The resolution, is a carpet muffled room and entrance hall of quasi-eighteenth century details of interior design, that one might find in a contemporary edition of Architectural Digest. Chandeliers, furniture, detail of heavy, soundless doors, key holes and keys, and space. The choices used to convey this milieu, by Mr Ferguson and Strong, are impeccable, and even more rewarding is the fact that this one set serves, without perceptible quibble, for each of the many locations, public rooms and private rooms - bedrooms(!) -  with no time consuming physical shifts of furniture or props. Here, instead, shifts in the lighting design by Hartley T A Kemp can claim much credit. Sumptuous, subtle and satisfying. Cinematic in its unconscious audience contract.

The characters of the play, are, then, clothed in garments of contemporary, conservative, but, conspicuous wealth to further re-enforce this new world, time context. It is in the cloth, the drape and gentle colourings - nothing ever vulgar, just sometimes, startling - the first dress of Ms Ricardo as Cecile. Mel Page is the Costume Designer - bouquets.

The hushed environment is intruded by 'jazzy' composition in moments of scene demarcation and counterpointed with period piano, harpsichord background to the actual rooms of the action, when necessary. The now and the then, present, and supported with aural backgrounds. Composer, Alan John; Sound Design, Steve Francis.

The next interesting director's choice is the varied dialects the actors seem to explore to create a hierarchy of status, generation and class. Speaking in a range of Australian-English choice: the over projected educated correctness of Mr Weaving in contrast to a variation of vernacular 'slang' sounds to a breathy hauteur from Ms Rabe, to the received correctness of Ms Harders and the broader sounds of the  middle class, Heather Mitchell (Mme de Volanges) and Justine Clarke (La Presidente De Tourvel), to the youngsters, Ashley Ricardo (Emilie), James Mackay (Danceny). Geraldine Hakewill (Cecile) and the servant 'Aussie' spread of Mr TJ Power (Azolan). The sounds making the most of the invented 18th century language for the Australian audience. Sounds that were recognisably our own. It worked best when consistent, the sounds having been contracted with the audience, and then maintained. Some were better at it than others.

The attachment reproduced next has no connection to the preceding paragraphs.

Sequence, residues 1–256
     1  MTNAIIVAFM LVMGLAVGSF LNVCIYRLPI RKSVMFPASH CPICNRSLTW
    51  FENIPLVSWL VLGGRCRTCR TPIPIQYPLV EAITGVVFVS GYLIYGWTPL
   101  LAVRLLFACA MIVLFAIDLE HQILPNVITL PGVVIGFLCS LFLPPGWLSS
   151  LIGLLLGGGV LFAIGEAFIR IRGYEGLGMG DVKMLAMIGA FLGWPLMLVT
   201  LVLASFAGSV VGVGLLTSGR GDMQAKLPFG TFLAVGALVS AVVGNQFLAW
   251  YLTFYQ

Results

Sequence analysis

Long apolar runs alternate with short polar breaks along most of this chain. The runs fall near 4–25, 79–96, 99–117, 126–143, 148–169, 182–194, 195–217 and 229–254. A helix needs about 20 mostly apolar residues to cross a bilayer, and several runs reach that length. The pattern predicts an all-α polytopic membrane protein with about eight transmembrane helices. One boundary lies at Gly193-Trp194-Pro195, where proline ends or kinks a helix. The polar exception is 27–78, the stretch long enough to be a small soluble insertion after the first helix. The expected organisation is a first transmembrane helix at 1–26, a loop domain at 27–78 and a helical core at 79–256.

Mr Weaving and Ms Rabe give wonderful performances and I certainly relished the maturity of their craftsmanship.Whether Mr Weaving is occasionally too energetically jolting, both vocally, and certainly in the 'dancing' of his physicalities,(I loved, what I imagined as referenced images from the paintings of Fragonard - for instance, THE BOLT AND THE STOLEN KISS) and whether the contrast of Ms Rabe's Merteuil, seated so comfortably to the unsteady walk around the furniture and to the mirror for hair adjustments, are slightly too exaggerated, is a matter of taste and conjecture.As offered character clues to the games of the two, it is intriguing to discuss.

To cast Mr Weaving as Valmont and Ms Rabe as Merteuil is a piece of bravado on the part of the director. I mean this only in the sense that the characters, as written in both sources, the novel and the play, are considerably younger than either of these actors appear. This Valmont and Merteuil are certainly representatives of the 'amortalists' of today's baby boomer generation who will not grow 'old' gracefully. That generation that believes the new 60 is the new 50, or, as in this case, that 50 is the new 40.(one of the characters in the play, Gercourt, is referred to, as 'a geriatric of 36'!!) The activities, not only the mental battles of strategy that these two friends are inordinately preoccupied with, and the sexual exploits of both these characters in the course of the story, certainly bring this novel/play into explaining some aspects of contemporary figures like, maybe, Carla Bruni and Dominique Strauss-Kahn or Belosconi.

Adele Horin in the NEWS REVIEW section of The SYDNEY MORNING HERALD, (April 21-22, 2012) writes "... We boomers want to age disgracefully, kicking our heels up, living life to the full. And that's all very possible in our 50s, 60s and 70s providing we have the money....". Valmont and Merteuil, as represented in this new setting of LES LIAISONS DANGEREUSES, certainly, have the money, and, the time to kill.

There is insight and some risk in these choices by Mr Strong. They do succeed for some of us, mostly. Although, in our present cultural stasis of 'political correctness' the sight, or provoked imaginative reality of this Valmont and Merteuil ravishing the bodies of Cecile (she is only just 15) and Danceny (of about 20) may, for some, ring bells of alarmed distaste of paedophillia. Just how remote these people are to the world of the Sydney Theatre Cmpany audience could be a matter of one's ability to suspend disbelief. I wonder, how much I was glad to revisit a great play, or relished the casting, that  carried me through some of the production choices, that I might otherwise have been unhappy about? I loved the inventive period adjustment to the duel scene between Danceny and Valmont - the growing tension relentlessly tangible. I thought the closing overlaid images of the wreckage of the lives of all the characters was artistry and craft of a thoughtful and theatrical director. I certainly enjoyed myself.